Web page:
Blog/Opinion

IN MEMORIAM: SARA GONZALEZ, ADVOCATE FOR HISPANIC ENTREPRENEURS

Sara Gonzalez, a 2007 Purpose Prize Winner, died unexpectedly yesterday in her adopted hometown of Atlanta, Georgia.

Gonzalez, 72, was selected from among more than 1,000 nominees to win a $10,000 Purpose Prize for her breakthroughs as President and CEO of the Georgia Hispanic Chamber of Commerce. During her tenure, she incubated hundreds of Hispanic businesses, all after she turned 60, in a tremendously fruitful encore career.


ENCORE BOOK CLUB: Retire Retirement

We're looking forward to this new book from Harvard Business School Press, which expands on Tamara Erickson's excellent 2004 article in the Harvard Business Review.

From the advance promotional material:

"Good news: there is no need to retire. There is no need to pack up your desk or attend one more retirement party. Why? With the widening gap between the number of workers and the demand for talent, employers are looking to keep smart, productive workers in the workplace. The growing talent shortage will allow you to re-negotiate your relationship with "work."


GARDENERS FOUNDATION: Growing the next generation

Catalino Tapia. Photo by Terry Nagel/Civic Ventures.

Catalino Tapia, 63, crossed the border from Mexico in 1964 with $6 in his pocket. In 1982, he started his own gardening business. For his encore, he is gathering his fellow gardeners together in the Bay Area Gardeners Foundation to help dozens of low-income students go to college.

The idea for the foundation came to him while he watched his son accept a diploma from Boalt Hall School of Law at the University of California at Berkeley. Beaming with pride, he thought: What can I do to help other students go to college?


ENERGY ENCORES: Oil and gas vets go green

Richard Haut left the oil industry to join a nonprofit working on environmental sustainability.

A growing number of energy industry veterans "are reinventing themselves as protectors of the earth," The Wall Street Journal reports.

"They are taking what they learned in the oil and gas fields and using it to develop and push greener drilling and production technologies," writes Isabel Ordonez. "Some have formed their own companies for that purpose, while others have joined environmental nonprofits."

The emergence of green encore careers in the energy industry is the result of the intersection of two trends -- the industry's large number of baby boomer engineers and others who are nearing traditional retirement age with a passion for continued contribution; and a change in the perception of environmentalism as issues like climate change and energy security come to the fore.


AARP FOUNDATION: New center to champion nursing in America

Each year nursing schools turn away thousands of qualified applicants because they don’t have enough skilled faculty members to teach them. By 2020, the American health care system is expected to face a shortage of more than one million nurses.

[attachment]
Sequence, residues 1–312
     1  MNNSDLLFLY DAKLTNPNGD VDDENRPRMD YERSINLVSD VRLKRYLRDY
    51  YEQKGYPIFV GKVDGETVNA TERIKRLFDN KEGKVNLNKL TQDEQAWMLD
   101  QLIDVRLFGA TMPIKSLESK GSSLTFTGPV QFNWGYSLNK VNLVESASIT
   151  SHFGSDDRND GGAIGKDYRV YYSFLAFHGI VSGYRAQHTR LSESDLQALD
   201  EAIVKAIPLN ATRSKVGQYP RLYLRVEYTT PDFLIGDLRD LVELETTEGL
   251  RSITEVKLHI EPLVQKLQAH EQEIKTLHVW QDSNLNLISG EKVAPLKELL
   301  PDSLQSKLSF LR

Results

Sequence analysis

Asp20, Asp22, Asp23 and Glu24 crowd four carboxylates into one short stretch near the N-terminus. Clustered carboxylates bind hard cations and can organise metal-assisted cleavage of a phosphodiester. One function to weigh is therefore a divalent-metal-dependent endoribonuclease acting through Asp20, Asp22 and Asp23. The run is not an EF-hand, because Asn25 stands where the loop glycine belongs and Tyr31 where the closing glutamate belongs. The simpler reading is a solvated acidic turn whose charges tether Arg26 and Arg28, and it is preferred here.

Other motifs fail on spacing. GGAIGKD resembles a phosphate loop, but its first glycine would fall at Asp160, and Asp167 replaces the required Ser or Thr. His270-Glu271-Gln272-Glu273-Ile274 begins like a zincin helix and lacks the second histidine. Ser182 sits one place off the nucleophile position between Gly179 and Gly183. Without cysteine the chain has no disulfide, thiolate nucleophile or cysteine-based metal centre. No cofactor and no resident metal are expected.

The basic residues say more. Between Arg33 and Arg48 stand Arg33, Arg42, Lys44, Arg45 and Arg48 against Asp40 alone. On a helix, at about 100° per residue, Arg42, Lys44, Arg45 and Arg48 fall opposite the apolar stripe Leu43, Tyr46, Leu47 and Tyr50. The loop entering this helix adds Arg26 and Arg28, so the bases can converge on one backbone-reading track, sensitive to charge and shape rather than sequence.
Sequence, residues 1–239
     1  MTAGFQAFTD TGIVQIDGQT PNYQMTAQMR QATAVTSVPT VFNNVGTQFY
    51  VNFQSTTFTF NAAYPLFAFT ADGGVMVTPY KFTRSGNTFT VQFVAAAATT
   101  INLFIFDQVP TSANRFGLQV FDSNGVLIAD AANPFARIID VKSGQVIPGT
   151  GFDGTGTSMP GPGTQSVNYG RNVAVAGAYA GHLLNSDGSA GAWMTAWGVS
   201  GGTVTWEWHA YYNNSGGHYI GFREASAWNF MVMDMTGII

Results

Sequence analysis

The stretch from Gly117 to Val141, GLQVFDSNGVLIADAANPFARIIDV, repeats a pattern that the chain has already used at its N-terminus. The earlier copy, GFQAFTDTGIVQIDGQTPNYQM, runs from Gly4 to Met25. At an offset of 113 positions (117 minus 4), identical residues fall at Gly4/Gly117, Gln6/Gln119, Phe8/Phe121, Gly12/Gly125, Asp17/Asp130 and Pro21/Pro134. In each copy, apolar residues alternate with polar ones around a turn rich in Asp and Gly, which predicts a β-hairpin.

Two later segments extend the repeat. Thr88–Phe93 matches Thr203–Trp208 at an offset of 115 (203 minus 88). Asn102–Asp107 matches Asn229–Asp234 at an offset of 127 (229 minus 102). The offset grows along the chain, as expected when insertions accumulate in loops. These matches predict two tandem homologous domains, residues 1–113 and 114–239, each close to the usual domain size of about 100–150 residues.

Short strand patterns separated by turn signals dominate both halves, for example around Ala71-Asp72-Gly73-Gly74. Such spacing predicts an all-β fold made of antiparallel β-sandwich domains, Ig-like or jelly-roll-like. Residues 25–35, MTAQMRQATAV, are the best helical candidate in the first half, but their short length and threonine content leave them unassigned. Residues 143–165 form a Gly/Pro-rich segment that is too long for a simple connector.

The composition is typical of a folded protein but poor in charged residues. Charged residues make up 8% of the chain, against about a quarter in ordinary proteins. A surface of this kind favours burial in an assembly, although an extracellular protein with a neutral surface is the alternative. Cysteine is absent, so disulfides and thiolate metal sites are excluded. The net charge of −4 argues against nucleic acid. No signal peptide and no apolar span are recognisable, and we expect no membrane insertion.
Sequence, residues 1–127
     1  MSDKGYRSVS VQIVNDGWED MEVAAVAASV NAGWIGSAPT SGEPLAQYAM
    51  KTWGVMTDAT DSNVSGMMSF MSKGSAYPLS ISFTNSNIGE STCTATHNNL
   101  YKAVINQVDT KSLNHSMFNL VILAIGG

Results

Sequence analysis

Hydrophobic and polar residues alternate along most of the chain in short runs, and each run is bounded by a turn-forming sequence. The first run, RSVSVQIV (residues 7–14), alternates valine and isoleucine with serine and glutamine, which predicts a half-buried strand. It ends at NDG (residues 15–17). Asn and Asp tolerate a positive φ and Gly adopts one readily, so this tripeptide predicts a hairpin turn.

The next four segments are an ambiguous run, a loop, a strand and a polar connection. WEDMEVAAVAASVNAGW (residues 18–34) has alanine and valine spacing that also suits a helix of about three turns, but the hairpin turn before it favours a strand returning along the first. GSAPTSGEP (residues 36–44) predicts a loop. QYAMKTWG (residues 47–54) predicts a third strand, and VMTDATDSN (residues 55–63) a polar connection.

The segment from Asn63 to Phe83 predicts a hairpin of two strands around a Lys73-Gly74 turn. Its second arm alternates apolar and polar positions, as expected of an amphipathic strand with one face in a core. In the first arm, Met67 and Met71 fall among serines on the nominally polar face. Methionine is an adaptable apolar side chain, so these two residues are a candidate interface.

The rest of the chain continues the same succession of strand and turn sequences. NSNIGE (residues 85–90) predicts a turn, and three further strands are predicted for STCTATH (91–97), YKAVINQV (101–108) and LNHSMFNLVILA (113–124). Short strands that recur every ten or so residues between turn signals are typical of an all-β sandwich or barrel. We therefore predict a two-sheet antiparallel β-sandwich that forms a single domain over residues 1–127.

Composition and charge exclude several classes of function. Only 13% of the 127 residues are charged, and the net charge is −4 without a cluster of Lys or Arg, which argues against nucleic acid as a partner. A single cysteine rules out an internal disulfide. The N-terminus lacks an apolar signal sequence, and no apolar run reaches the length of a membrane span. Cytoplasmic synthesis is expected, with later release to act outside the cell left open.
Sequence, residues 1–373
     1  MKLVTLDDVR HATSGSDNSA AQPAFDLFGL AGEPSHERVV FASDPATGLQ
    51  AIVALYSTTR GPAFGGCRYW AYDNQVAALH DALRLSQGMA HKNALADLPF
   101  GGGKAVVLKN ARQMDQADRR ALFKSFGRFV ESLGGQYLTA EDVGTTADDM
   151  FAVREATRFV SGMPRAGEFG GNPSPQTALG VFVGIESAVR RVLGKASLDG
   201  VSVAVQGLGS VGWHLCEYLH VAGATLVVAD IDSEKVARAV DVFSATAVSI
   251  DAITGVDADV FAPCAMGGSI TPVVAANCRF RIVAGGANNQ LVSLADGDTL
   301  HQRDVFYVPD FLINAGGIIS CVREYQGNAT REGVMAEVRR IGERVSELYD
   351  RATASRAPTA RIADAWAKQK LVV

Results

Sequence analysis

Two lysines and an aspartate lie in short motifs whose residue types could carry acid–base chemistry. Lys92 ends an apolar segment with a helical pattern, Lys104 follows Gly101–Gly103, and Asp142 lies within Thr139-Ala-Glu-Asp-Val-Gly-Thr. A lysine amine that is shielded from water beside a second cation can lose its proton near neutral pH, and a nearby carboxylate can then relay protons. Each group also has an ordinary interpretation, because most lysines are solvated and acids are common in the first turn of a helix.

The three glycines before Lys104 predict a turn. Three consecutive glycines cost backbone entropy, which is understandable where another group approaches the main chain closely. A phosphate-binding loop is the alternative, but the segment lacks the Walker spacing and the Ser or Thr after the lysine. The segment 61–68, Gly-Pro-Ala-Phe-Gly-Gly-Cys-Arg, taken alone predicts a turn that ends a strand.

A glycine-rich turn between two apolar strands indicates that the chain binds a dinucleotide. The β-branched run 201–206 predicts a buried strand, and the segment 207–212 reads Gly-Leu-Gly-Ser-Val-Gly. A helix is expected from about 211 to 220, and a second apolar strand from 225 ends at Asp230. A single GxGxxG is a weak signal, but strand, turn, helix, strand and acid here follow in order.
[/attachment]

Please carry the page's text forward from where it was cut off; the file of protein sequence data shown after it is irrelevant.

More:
Trying to expand the pipeline, the Robert Wood Johnson Foundation has awarded a $10 million grant to the AARP Foundation to pursue an aggressive agenda to elevate the visibility of the nursing shortage.


JIM GIBBS: Teaching a love of reading

Jim Gibbs and Eugene Jennings. Photo by Pauline Lubens/Mercury News.

It's not every third grader who gets a Stanford professor of cultural anthropology as his personal tutor.

Eugene Jennings, eight years old, is lucky to have James Lowell Gibbs, Jr., helping him improve his reading. "This is their second year together, and they have developed a comfortable rapport that resembles a friendship more than it does a teacher-student relationship," writes San Jose Mercury News reporter Jeff Thomas in an article headlined, "Learning a Love of Reading.".


Push for "encore accounts" gaining steam

“Encore accounts” to finance individuals’ transition to their encore careers are getting increased attention from presidential candidates on the campaign trail.

To be fair, none of them are actually mentioning “encore careers” in their proposals, at least not yet. But the attention could spur support for incentives directly aimed at helping people prepare for work that matters in the second half of their lives.


JOHN B. SHOVEN: New way to think about old age

Stanford professor John B. Shoven has a provocative proposal for figuring "inflation-adjusted age."

In the latest issue of Foreign Policy, Shoven argues that, just as a 1960 dollar is not the same as a 2008 dollar, neither is a 1960 lifespan the same as a 2008 lifespan. Since 1960, Shoven points out, the average lifespan of a Chinese person has increased by 36 years, a South Korean by 24 years, a Mexican by 17 years and a French person by nearly a decade.

"Just as with the dollar, it is time to introduce inflation-adjusted ages as a superior method for measuring age," Shoven writes. Instead, he suggests mortality risk -- the chance a person has of dying within the next year -- as a more accurate view of health, productivity and life expectancy.


In Memoriam: Cowboy Fred Ortiz

Those of us who met Cowboy Fred Ortiz at the 2006 Purpose Prize Summit will never forget the man with the cowboy hat, beard, ponytail, and earring, always dressed in a color coordinated suit, shirt, and tie -- complete with a pocket handkerchief.

We were saddened to hear that Cowboy Fred this week lost his battle with cancer. He was 65.


NEW YORK TIMES' NICHOLAS KRISTOF: The new social entrepreneurs

Robert Chambers. Photo by Alex Harris.

There’s one word that cries out for a red pencil in Nicholas Kristof’s otherwise excellent Sunday column about social entrepreneurs, ”The Age of Ambition.”

“Young.”


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